Vincent usually includes three take-home points. Each of them requires similar action by the audience members if they want things to change in Washington, D.C., and at the state level.
First, he says, “Democracy works, but it’s not a spectator sport.” He says people have to get involved and let their legislators know what is important and why.
Second, he says, “When people lead, leaders follow. If you don’t talk to your leaders about how to protect your industry, you’ll be protected right out of business.”
And third, he says, “The world is run by those who show up.”
Rural Americans must identify those policymakers who understand the issues of agriculture and are willing to lead the battle for agriculture and then support them with every voice possible.
“You have got to show up,” Vincent says. He talked about “showing up,” other than talking to legislators, and included such things as editorials in the newspaper, Chamber of Commerce membership, city council meetings, county supervisor meetings, contact with regulatory agencies, use of social media such as blogging, assist local educators to inform students about rural lifestyle, etc.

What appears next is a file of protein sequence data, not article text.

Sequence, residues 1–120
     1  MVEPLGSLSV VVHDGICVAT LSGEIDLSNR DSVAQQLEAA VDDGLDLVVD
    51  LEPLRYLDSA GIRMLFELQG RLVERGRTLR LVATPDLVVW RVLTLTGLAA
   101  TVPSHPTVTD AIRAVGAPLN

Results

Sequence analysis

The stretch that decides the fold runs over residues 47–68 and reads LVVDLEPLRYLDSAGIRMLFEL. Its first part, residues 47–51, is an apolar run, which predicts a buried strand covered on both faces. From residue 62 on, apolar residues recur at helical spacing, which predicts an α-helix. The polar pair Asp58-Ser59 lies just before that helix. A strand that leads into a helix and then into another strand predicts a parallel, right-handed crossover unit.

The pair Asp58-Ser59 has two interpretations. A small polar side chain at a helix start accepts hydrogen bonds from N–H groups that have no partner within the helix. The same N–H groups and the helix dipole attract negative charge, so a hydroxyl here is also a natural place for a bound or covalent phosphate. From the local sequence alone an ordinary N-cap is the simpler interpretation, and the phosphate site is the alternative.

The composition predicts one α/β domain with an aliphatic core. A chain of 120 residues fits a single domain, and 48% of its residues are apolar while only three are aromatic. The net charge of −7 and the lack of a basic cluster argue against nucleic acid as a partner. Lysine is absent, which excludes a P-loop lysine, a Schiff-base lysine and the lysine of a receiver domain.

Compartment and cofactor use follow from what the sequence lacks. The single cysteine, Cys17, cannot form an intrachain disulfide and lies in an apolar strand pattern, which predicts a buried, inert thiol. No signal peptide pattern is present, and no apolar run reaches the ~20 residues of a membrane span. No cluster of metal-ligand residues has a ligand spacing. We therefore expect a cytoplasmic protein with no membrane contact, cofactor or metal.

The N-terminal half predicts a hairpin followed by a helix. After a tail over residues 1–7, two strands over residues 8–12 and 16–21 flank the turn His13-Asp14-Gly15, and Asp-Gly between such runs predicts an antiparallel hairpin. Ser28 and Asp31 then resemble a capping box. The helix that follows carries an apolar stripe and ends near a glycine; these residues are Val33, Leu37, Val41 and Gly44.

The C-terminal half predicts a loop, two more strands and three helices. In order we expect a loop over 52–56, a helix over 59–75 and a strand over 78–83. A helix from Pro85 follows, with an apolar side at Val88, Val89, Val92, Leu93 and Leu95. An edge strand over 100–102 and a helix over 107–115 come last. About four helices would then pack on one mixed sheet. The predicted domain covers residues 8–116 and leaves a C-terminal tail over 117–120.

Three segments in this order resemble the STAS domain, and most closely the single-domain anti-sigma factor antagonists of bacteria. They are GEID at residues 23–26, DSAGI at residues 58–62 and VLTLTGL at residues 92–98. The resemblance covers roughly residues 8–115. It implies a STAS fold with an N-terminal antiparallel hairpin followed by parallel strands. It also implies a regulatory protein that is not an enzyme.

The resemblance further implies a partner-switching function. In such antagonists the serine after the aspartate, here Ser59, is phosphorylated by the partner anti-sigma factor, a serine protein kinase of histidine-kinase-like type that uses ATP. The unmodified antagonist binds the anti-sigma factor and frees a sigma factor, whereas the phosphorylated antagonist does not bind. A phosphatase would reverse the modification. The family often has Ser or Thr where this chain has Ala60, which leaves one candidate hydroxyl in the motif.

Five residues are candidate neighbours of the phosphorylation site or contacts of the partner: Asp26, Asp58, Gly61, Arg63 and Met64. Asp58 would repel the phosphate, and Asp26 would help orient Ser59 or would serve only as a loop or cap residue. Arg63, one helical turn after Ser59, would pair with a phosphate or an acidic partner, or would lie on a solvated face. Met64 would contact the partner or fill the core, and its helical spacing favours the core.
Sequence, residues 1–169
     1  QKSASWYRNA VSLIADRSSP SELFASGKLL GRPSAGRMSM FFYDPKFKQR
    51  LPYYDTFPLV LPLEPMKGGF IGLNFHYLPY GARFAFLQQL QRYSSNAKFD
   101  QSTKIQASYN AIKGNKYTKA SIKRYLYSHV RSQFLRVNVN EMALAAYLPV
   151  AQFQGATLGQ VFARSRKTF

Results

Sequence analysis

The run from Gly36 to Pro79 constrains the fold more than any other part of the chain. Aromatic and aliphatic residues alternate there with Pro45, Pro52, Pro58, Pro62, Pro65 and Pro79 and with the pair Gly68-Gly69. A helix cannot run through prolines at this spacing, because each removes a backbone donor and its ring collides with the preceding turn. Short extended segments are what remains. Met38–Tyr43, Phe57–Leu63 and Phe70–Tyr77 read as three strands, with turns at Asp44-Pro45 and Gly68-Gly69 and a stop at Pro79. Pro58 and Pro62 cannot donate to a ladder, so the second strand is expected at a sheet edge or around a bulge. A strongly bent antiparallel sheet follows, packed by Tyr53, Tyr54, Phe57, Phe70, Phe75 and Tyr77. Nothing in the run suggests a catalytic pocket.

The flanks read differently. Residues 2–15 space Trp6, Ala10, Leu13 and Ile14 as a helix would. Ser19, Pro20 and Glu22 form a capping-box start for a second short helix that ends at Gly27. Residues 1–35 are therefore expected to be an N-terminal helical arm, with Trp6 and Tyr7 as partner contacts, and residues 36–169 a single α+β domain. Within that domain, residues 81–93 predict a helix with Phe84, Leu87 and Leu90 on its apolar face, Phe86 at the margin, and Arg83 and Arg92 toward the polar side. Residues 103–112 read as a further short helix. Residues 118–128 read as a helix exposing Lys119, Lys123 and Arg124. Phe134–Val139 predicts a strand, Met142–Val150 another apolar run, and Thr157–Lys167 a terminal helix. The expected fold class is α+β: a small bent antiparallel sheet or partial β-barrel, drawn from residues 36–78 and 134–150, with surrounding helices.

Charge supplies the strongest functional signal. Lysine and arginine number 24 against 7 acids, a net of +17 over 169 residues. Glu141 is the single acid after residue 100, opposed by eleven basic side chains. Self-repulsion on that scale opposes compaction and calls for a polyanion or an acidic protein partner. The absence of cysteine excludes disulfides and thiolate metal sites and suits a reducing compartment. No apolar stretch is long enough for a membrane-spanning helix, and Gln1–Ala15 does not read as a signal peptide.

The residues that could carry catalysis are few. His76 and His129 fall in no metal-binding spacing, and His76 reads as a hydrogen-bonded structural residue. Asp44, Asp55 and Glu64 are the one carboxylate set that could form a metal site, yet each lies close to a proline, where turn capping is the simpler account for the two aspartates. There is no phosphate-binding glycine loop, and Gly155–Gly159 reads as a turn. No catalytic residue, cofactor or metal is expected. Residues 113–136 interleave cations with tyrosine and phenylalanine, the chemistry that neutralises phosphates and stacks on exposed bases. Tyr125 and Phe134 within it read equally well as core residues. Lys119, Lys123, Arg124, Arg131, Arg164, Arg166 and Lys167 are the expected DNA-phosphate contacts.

Including a line item in your company business plan for “activism” is a directive from Vincent. Set aside one hour per week from your business, not family time, to show up and be involved in preserving the American rural culture.
Opposition to environmental activists has to come from the grassroots and has to be articulated in as many ways and from as many people as possible.
By Richard Keller, AgProfessional editor